SCOTUS rejects fast-tracking of hearing on Obamacare


Justice is supposed to be blind. We’ll eventually see if she really is.

Today the U.S. Supreme Court refused to take on Virginia Attorney General Ken Cuccinelli’s request to expedite a hearing on Obamacare. Instead SCOTUS ruled it can move up through “normal channels.” Cuccinelli had hoped to bypass Richmond’s Fourth Circuit Court of Appeals with the assertion the issue of the controversial Obamacare is one that needs immediate attention. This is the second time SCOTUS has turned down a request by opponents of Obamacare.

Cuccinelli stated he will abide by SCOTUS decision and await The Fourth Circuit’s hearing of oral arguments on May 10 before a 3-judge panel. A disappointed Cuccinelli had his to say:

“Asking the court to expedite our lawsuit was about removing this crippling and costly uncertainty as quickly as possible. … The Supreme Court rarely expedites cases under its Rule 11. Expediting our case would have been the exception and so, although disappointing, this is not surprising,” he said in a statement Monday. “This case’s logical end point is the Supreme Court. It will simply have to make its way through the Fourth Circuit first.”

It’s no secret of course Mr. Obama didn’t want SCOTUS to have a hearing and Acting Solicitor General Neal Katyal told the court, “there is no basis for short-circuiting the normal course of appellate review.” Katyal also stated there is obviously a lot of public interest in the issue however it’s not:

“one of the rare cases that justifies deviation from normal appellate practice and require[s] immediate determination in this court.”

SCOTUS did fast-track hearing Bush v. Gore in 2000 since it was an issue that required “immediate determination.”

Back in December federal Judge Henry Hudson in Richmond ruled a key provision of Obamacare violated the Congressional Commerce Clause i.e. that the government cannot force anyone to “buy” a product, namely insurance required by Obamacare. Part of Hudson’s 42-page ruling stated:

“Neither the Supreme Court nor any federal circuit court of appeals has extended Commerce Clause powers to compel an individual to involuntarily enter the stream of commerce by purchasing a commodity in the private market.”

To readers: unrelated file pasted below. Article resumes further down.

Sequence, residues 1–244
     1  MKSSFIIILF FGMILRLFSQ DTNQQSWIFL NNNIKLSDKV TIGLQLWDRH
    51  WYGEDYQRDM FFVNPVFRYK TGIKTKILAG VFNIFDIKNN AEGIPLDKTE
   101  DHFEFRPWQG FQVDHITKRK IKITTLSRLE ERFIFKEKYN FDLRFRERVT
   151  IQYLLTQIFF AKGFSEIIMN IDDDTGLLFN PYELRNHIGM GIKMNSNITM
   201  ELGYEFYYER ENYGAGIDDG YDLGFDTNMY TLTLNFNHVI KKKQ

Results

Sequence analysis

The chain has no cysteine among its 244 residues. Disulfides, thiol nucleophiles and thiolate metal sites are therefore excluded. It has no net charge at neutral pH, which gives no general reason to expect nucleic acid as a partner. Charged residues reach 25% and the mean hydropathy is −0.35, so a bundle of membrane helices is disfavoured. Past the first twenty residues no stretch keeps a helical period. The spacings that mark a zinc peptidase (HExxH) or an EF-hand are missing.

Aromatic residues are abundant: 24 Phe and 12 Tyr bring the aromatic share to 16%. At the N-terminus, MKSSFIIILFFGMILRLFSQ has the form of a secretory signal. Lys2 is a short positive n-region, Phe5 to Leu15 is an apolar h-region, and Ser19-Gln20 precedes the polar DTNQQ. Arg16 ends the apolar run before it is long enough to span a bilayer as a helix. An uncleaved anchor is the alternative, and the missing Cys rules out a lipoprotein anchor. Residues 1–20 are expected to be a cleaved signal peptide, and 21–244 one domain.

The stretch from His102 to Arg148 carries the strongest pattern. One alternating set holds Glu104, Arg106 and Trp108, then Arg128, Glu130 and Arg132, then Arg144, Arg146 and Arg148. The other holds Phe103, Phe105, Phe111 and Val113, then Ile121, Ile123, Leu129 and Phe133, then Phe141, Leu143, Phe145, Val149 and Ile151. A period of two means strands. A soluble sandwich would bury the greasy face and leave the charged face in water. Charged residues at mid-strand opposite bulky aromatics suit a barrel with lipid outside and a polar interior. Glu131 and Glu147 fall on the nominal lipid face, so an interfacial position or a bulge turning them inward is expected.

Mr. Obama promptly appealed.

Back in January a second federal judge, Judge Roger Vinson of the federal district court in Pensacola, Florida ruled the individual mandate clause was so “inextricably bound” to other portions of the Affordable Health Care Act that the entire law must be invalidated. Part of his statement:

“The act, like a defectively designed watch, needs to be redesigned and reconstructed by the watchmaker.”

There are a myriad of other plaintiffs challenging Obamacare: 26 states and also the National Federation of Independent Businesses.

It’s of interest to note that Democrats want Justice Thomas to recuse himself from any hearings on Obamacare and Republicans want Justice Kagan recused.

It’s going to we a wild and bumpy ride.

Crossposted at Unified Patriots News

Crossposted at Conservative Outlooks

Related stories: Dueling demands by Dems & Republicans for justices recusal from hearing Obamacare.

House Republicans vote to overturn Obamacare.

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Deplorable Reagan Conservative. Pro-life, pro 2A. Waiting for Obama's "legacy" to be undone.

Twitter: @LadyImpactOhio

"We the People tell government what to do. It does not tell us."__Ronald Reagan in his farewell speech.

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April 25, 2011 11:57 pm

Appeal delayed – advantage Obama. OK, so case will be dragged through 2012 and become a campaign issue -0- cannot evade – advantage Conservatives. Kagan did not recuse herself – no big surprise, no points either way. GC may weigh in on this and illuminate us, but the line I seem to be hearing from very good sources seems to be that as time goes on the individual mandate is looking”deader and deader,” but the odds other parts of the bill will survive are increasing. But the totality of how these parts play out and counterbalance is still not clear,… Read more »

April 26, 2011 1:41 pm

The fact that the appeal was denied doesn’t surprise me that much. I was hoping that SCOTUS would be proactive in resolving this now, but they’ve chosen standard OP through this denial.

Perhaps this isn’t the place for it, but I’ve got questions about the provisional waivers being offered by DHHS. My understanding is that the money was needed upfront in order to be able to implement the government’s public insurance exchange by 2014. How does the increasing number of waivers being granted play into this? Will it delay the timeline of implementation?